The Nurse: Women Nurses in the Civil War, part four

Part four in a series

Florence NightengaleThe definition of “nurse” in John Daly’s Professional Nursing: Concepts, Issues and Challenges is “Nursing is a societally mandated, socially constructed practice profession existing to serve a public that has certain expectations of nurses and nursing action.”

In Ordered to Care: The Dilemma of American Nursing, 1850-1945, Reverby explains that nurses have historically performed what is considered “woman’s work,” and have always dealt with the tension between the duty and desire to care for others and the right to control and define this activity. She also agrees with Daly in that nursing took ideological, cultural and structure forms of constraint.

Both Reverby and Starr concurred that prior to the 1860s, the hospital was not a central institution that provided medical care. The hospital was considered a social-welfare institution for the homeless and needy. The link between hospitals and nursing did not occur until the late 1800s.

Reverby further explained that in antebellum American, nursing was expected as part of a woman’s duty to her family or community.  This expectation was multiplied for the plantation mistress of the Old South.  Since there were fewer physicians, and those who were physicians were of minimal quality, the mistress cared for her own family as well as for the slaves her family owned. She could purchase medical products, but in most cases, she would follow what was known as a “receipt book,” a type of recipe book that not only provided instructions on how to prepare food, but also recipes for making medicine. According to Athea T. Davis, in her 1999 work, Early Black American Leaders in Nursing: Architects for Integration, although the plantation mistress was credited with providing nursing to both her family and her slaves, it was really the black female household slave who nursed both her owner’s family as well as the African American slaves. In the southern cities, African American women usually served as midwives and nurses for both the whites and the blacks.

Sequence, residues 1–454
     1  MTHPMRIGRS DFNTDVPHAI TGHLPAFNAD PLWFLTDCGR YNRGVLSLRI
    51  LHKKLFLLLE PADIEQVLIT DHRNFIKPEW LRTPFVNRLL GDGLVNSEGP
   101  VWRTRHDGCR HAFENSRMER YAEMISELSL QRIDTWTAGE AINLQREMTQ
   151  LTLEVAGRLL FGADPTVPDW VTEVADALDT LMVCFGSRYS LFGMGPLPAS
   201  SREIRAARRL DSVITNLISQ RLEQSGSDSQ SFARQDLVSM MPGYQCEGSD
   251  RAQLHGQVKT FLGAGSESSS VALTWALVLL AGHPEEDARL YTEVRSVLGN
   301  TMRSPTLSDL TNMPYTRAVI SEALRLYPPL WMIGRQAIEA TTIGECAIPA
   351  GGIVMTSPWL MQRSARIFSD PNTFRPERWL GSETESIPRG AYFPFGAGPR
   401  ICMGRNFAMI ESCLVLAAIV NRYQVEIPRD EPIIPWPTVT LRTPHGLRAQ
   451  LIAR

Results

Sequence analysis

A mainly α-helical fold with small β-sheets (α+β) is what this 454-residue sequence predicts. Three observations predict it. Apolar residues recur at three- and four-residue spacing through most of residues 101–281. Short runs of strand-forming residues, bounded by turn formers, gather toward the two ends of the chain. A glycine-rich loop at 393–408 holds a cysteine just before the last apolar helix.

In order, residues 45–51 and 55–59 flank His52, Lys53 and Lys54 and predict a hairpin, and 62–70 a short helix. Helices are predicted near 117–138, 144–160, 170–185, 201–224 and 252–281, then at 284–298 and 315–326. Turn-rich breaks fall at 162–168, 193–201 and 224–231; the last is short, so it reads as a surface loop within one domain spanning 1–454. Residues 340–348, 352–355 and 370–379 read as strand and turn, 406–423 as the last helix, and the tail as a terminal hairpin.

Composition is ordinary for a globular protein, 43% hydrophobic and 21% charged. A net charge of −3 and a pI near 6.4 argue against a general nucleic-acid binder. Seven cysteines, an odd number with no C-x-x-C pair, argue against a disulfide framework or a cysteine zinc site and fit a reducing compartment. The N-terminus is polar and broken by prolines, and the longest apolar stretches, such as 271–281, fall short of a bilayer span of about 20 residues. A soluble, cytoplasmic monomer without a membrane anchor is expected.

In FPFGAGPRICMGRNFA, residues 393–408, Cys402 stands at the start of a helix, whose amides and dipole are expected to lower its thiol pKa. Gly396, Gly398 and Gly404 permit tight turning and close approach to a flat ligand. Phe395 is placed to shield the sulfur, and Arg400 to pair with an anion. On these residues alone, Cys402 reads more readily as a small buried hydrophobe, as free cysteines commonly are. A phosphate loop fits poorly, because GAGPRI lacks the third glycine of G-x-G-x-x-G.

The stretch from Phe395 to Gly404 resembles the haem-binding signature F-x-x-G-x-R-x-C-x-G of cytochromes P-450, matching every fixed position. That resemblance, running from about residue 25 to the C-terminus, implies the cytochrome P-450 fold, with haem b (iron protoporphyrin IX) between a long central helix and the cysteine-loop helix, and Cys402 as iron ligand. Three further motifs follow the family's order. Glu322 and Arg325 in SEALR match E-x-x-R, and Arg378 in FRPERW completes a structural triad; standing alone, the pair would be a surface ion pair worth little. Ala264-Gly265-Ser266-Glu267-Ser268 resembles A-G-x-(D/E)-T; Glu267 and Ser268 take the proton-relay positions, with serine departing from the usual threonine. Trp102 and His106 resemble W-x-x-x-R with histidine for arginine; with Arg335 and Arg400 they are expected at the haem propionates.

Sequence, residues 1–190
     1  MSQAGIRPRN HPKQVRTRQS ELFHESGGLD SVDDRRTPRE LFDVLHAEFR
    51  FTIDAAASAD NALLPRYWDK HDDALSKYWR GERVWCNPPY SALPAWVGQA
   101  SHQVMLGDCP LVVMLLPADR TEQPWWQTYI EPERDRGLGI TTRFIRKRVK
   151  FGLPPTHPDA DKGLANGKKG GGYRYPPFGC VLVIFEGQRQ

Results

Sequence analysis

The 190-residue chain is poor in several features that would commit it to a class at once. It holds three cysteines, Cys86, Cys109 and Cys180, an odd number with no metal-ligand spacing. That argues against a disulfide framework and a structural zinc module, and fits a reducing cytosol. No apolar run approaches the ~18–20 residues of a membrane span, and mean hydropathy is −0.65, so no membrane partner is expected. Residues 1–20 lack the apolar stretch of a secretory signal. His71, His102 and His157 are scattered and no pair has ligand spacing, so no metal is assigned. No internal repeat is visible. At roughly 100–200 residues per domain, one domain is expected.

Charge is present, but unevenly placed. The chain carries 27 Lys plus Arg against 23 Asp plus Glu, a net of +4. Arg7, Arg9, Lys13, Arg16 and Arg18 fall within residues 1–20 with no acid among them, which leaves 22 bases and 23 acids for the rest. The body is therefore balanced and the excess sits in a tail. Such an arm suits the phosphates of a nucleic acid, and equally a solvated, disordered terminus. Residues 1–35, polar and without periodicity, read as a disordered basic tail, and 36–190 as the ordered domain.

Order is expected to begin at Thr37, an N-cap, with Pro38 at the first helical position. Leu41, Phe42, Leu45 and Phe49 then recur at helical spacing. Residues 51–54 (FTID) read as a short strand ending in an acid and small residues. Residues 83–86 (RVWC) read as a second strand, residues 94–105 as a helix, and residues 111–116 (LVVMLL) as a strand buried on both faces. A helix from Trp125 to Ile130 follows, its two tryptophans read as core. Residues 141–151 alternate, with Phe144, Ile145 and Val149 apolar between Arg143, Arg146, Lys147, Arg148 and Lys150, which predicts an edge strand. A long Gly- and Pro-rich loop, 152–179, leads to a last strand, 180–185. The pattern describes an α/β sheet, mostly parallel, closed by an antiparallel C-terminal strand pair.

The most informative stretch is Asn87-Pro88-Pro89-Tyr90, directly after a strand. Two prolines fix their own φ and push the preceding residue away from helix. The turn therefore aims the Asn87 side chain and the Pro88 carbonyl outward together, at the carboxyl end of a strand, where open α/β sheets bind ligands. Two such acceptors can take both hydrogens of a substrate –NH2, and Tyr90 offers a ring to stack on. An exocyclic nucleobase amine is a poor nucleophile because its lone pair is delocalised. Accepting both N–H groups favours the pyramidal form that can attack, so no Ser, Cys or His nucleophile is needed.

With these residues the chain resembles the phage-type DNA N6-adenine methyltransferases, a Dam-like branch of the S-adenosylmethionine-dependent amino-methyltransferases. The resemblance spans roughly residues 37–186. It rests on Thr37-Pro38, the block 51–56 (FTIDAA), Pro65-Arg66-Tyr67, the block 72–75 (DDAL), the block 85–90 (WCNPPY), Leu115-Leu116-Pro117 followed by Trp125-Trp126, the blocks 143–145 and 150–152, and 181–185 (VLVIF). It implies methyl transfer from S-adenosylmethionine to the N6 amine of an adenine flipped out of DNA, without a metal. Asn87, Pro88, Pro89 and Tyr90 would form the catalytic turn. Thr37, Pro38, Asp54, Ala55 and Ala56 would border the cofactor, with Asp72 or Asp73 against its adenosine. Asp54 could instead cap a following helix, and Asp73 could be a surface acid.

Daly argues that many of nursing’s current dilemmas are a result of Florence Nightingale from the 1850s. Nightingale professed that “every woman is a nurse,” and it is a calling rather than a profession.  She further believed that women could do more for patients as nurses than as doctors, and women should nurse, but remain within the domestic sphere.  Daly further states that “the discipline of nursing has been since its invention by Florence Nightingale, a work in progress.”  He further notes that “even in today’s nursing, the definition of nurse is still blurred and unclear. Based upon one’s perspective, the term nurse varies in definition, the role of, and whether the nurse is subordinate or independent.”


John Daly, et al, Professional Nursing: Concepts, Issues, and Challenges, New York: Springer Publishing Company, 2005.

Athea T. Davis, Early Black American Leaders in Nursing: Architects for Integration and Equality, Sudbury, MA: Jones & Bartlett Publishers, 1999).

Ann Giesberg, Civil War Sisterhood: The U.S. Sanitary Commission and Women’s Politics in Transition, (Boston: Northeastern University Press, 2000).

Susan M. Reverby, Ordered to Care: The Dilemma of American Nursing, 1850-1945, (New York: Cambridge University Press, 1987.

Paul Starr, The Social Transformation of American Medicine, (New York: Basic Books, 1980).

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